Nanoindentation is widely used to determine material properties of a variety of materials and material systems. The layers under investigation were expected to be highly structured and compliant. In addition, the exact layer thickness and the properties of the substrate (for the measurements on the fresh plant) were unknown. Therefore, it was necessary to perform very sensitive tests to determine the first point of contact of the indenter tip with the surface and to select a method which provides information about the contact behaviour according to the indentation depth.
All tests were carried out using the Nano Indenter SA2 (MTS Systems Corporation, Oak Ridge, TN, USA). As an indenter tip, a three-sided diamond pyramid (Berkovich-shape) was used. During the indentation process, the tip was pushed into the surface at a constant strain rate of 0.05 s–1 until the programmed depth limit of 1 μm was reached. Time, load and displacement were continuously recorded using the CSM (Continuous Stiffness Measurement) method, which allowed further determination of mechanical properties as a function of indentation depth in each single indentation test (Enders at al., 2004). With this extension, the system applies a load to the indenter tip in order to push the tip into the surface. Simultaneously, an oscillating force was superimposed with force amplitude several orders of magnitude smaller than the nominal load. Hardness and elasticity modulus were calculated after Oliver and Pharr (1992). For each sample type, 10 different samples were used, and on each sample an array of 20 indents was performed. In all, 800 indentation experiments were carried out.
Friction experiments with insects
To study the influence of waxy surfaces on the attachment ability of the insects, friction experiments were carried out using tethered walking beetles. Force measurements were performed using a load cell force transducer (10 g capacity, Biopac Systems Ltd., Santa Barbara, CA, USA; Gorb et al., 2004). Both males and females were used for tests. Prior to the experiments, the elytra were glued together with a small droplet of molten wax to make the insects incapable of flying. Each beetle was attached to a force sensor by means of a human hair (10–15 cm long) glued to the dorsal side of the insect thorax with a drop of molten wax. Plant samples (ca. 15 cm2) were cut out of the waxy zone of fresh pitchers using a razor blade and then intact or treated samples were glued with double-sided tape to a glass plate. In the experiments, insects walked from the lower to the upper part of the zone, simulating the situation of escaping from the pitcher. The force produced by the insect moving on a horizontal test substrate was recorded. Force–time curves were used to estimate the maximal friction force generated by beetles. The behaviour of insect individuals during force experiments was observed and registered.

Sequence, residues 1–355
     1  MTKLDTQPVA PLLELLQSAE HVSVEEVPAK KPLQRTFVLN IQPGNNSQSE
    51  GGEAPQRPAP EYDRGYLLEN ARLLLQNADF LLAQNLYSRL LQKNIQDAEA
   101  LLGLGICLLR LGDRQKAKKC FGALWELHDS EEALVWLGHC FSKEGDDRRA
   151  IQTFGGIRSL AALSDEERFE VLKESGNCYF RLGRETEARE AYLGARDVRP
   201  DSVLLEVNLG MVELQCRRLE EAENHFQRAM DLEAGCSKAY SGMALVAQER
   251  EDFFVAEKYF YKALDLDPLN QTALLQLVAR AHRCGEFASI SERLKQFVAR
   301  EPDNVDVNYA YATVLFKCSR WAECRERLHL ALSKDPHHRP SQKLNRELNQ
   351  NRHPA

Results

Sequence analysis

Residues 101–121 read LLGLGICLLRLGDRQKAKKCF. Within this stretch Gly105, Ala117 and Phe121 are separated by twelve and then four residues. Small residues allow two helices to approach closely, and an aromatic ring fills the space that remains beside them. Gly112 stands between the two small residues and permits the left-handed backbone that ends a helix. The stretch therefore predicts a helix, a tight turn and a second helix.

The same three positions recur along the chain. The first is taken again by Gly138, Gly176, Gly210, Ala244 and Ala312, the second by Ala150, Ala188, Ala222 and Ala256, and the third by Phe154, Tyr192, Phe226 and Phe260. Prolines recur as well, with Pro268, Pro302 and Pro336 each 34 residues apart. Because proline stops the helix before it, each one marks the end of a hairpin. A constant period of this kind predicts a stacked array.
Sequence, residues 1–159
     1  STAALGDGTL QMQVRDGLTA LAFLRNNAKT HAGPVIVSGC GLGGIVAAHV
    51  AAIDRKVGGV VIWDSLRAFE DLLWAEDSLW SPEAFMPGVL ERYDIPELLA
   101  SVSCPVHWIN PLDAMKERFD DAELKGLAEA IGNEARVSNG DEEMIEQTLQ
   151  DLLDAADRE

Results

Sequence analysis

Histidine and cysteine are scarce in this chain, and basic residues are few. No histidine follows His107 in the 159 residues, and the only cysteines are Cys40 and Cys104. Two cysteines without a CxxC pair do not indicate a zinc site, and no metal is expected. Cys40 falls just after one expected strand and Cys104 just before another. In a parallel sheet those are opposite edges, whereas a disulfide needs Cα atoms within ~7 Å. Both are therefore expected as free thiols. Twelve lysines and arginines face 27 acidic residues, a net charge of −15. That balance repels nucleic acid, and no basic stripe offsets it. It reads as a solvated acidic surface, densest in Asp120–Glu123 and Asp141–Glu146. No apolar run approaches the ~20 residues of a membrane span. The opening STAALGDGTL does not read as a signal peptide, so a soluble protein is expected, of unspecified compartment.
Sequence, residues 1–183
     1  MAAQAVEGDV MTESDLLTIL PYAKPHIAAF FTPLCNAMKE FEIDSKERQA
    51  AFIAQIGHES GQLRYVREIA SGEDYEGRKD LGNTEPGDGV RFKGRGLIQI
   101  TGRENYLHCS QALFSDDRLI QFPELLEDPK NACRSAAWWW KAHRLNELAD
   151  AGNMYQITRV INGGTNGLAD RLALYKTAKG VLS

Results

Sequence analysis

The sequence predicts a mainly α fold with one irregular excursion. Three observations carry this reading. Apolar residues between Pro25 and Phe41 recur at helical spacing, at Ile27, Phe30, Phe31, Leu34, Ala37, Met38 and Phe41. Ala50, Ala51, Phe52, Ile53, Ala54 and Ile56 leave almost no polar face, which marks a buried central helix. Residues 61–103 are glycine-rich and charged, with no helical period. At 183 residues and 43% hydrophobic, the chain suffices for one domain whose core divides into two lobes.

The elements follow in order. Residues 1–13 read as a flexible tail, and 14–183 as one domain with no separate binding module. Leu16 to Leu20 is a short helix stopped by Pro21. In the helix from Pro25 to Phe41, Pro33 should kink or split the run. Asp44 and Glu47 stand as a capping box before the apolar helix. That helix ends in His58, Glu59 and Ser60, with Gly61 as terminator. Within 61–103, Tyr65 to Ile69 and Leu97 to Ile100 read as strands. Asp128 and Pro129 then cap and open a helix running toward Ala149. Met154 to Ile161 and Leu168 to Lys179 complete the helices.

Three substrate types were tested: (1) intact waxy surface, (2) waxy surface treated with the dental wax, and (3) waxy surface rinsed in hot chloroform for 20 s. In addition, prior to each experiment on the test substrate, a control measurement was conducted on a glass plate used as a reference surface. Three pitchers from three plants were used. For each substrate type, experiments with 14–15 individual beetles were performed. In all, 44 insects were used and 88 individual tests (the test on a glass plate followed by the test on a plant substrate per insect) were conducted.
Morphology of epicuticular wax layers and wax crystals
The EW coverage of the waxy zone is relatively dense and uniform. It consists of two clearly distinguishable superimposed layers of waxes, the upper and the lower, which differ essentially in their morphology (Fig. 1). The upper layer is composed of separate, clearly discernible, irregular platelets (terminology after Barthlott et al., 1998) covering the surface extremely densely and mostly contacting adjacent ones so that gaps are hardly distinguishable (Fig. 1A). Crystals are located more or less perpendicular to the subjacent layer and to the surface of the pitcher wall. Orientation of their planes along the axis perpendicular to the surface is rather random, and they form no clear pattern on the surface. Platelets vary greatly in size (the largest dimension=1.01±0.19 μm, mean ± s.d., N=20; thickness= 34.95±8.70 nm, N=20) and shape (from almost round to irregular-shaped with indistinct margins, e.g. oval, leaf-like, triangular, rhombic etc.; Fig. 1B).